A National Day of Thanksgiving

monument_lincolnPlunged into civil war, the United States had fallen into dark days. Brother fought against brother. Blood stained battle fields dotted the landscape. Yet, on October 3, 1863 while enumerating the blessings of the year, President Abraham Lincoln declared a national day of Thanksgiving. In a Proclamation sent to the people of the United States, Lincoln declared:

“The year that is drawing towards its close, has been filled with the blessings of fruitful fields and healthful skies. To these bounties, which are so constantly enjoyed that we are prone to forget the source from which they come, others have been added, which are of so extraordinary a nature, that they cannot fail to penetrate and soften even the heart which is habitually insensible to the ever watchful providence of Almighty God. In the midst of a civil war of unequaled magnitude and severity, which has sometimes seemed to foreign States to invite and to provoke their aggression, peace has been preserved with all nations, order has been maintained, the laws have been respected and obeyed, and harmony has prevailed everywhere except in the theatre of military conflict; while that theatre has been greatly contracted by the advancing armies and navies of the Union. Needful diversions of wealth and of strength from the fields of peaceful industry to the national defence, have not arrested the plough, the shuttle or the ship; the axe has enlarged the borders of our settlements, and the mines, as well of iron and coal as of the precious metals, have yielded even more abundantly than heretofore. Population has steadily increased, notwithstanding the waste that has been made in the camp, the siege and the battle-field; and the country, rejoicing in the consiousness of augmented strength and vigor, is permitted to expect continuance of years with large increase of freedom. No human counsel hath devised nor hath any mortal hand worked out these great things. They are the gracious gifts of the Most High God, who, while dealing with us in anger for our sins, hath nevertheless remembered mercy. It has seemed to me fit and proper that they should be solemnly, reverently and gratefully acknowledged as with one heart and one voice by the whole American People. I do therefore invite my fellow citizens in every part of the United States, and also those who are at sea and those who are sojourning in foreign lands, to set apart and observe the last Thursday of November next, as a day of Thanksgiving and Praise to our beneficent Father who dwelleth in the Heavens. And I recommend to them that while offering up the ascriptions justly due to Him for such singular deliverances and blessings, they do also, with humble penitence for our national perverseness and disobedience, commend to His tender care all those who have become widows, orphans, mourners or sufferers in the lamentable civil strife in which we are unavoidably engaged, and fervently implore the interposition of the Almighty Hand to heal the wounds of the nation and to restore it as soon as may be consistent with the Divine purposes to the full enjoyment of peace, harmony, tranquillity and Union. In testimony whereof, I have hereunto set my hand and caused the Seal of the United States to be affixed.”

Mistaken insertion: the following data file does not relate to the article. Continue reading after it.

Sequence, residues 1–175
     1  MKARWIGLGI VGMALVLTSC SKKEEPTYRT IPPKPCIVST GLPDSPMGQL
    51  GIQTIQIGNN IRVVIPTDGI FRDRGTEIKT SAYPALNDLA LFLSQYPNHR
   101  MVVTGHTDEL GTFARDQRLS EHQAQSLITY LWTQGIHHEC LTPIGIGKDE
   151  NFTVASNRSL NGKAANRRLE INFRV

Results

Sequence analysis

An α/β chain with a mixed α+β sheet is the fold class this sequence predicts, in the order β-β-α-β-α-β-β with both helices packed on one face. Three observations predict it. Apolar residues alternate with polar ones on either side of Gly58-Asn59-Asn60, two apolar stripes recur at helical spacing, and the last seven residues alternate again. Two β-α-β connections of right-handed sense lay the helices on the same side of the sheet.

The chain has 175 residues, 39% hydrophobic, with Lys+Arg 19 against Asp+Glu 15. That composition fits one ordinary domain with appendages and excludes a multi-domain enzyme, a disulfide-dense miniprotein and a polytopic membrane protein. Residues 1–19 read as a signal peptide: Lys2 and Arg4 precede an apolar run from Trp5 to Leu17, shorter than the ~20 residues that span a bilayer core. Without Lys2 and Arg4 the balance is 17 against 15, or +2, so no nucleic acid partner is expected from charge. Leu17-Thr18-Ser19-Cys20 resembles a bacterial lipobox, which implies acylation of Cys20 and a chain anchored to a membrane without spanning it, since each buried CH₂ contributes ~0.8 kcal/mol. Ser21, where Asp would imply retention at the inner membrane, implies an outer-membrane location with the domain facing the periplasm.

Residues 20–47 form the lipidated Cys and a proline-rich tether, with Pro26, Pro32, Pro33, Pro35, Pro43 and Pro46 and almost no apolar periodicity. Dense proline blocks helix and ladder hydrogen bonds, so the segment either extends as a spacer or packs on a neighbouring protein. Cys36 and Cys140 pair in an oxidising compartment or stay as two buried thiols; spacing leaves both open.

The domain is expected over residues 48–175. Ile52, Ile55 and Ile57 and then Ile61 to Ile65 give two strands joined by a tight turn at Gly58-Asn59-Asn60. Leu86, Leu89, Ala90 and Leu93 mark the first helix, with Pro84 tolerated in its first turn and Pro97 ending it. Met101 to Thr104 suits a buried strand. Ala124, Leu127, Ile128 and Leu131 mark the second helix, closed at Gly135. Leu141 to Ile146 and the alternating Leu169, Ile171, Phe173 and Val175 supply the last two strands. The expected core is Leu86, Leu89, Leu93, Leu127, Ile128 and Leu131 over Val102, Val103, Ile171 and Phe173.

No matter how dark our days or bleak our future, we have a loving Father keeping watch. Many nations around the world have national days of Thanksgiving. Families gather around tables, old and new, small and large to share in the bounty of the year, and to give thanks. We, like our fathers of old, despite hardships and sorrows, have much of which to be grateful. Let’s not forget this year or in any of the years that follow “the source from which [we] come”.  We can all be grateful. We can all give thanks. President Uchdorf reminds us that:

“We can choose to be grateful, no matter what. This type of gratitude transcends whatever is happening around us. It surpasses disappointment, discouragement, and despair. It blooms just as beautifully in the icy landscape of winter as it does in the pleasant warmth of summer.”

Happy Thanksgiving!

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Diane Robertson

Diane Robertson

Diane Robertson is just a plain old ordinary person with nothing terribly special about her. She's a homeschooling mother blessed with 11 kids, Diane spends most days in yoga pants taking care of her children, teaching, cooking, and cleaning while never actually doing yoga. Motherhood has helped Diane develop a passion for protecting the family and children. She blogs about political family issues at unitedfamiliesinternational.wordpress.com and journals about her family at thoserobertsons.blogspot.com
Diane Robertson

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About Diane Robertson

Diane Robertson is just a plain old ordinary person with nothing terribly special about her. She's a homeschooling mother blessed with 11 kids, Diane spends most days in yoga pants taking care of her children, teaching, cooking, and cleaning while never actually doing yoga. Motherhood has helped Diane develop a passion for protecting the family and children. She blogs about political family issues at unitedfamiliesinternational.wordpress.com and journals about her family at thoserobertsons.blogspot.com

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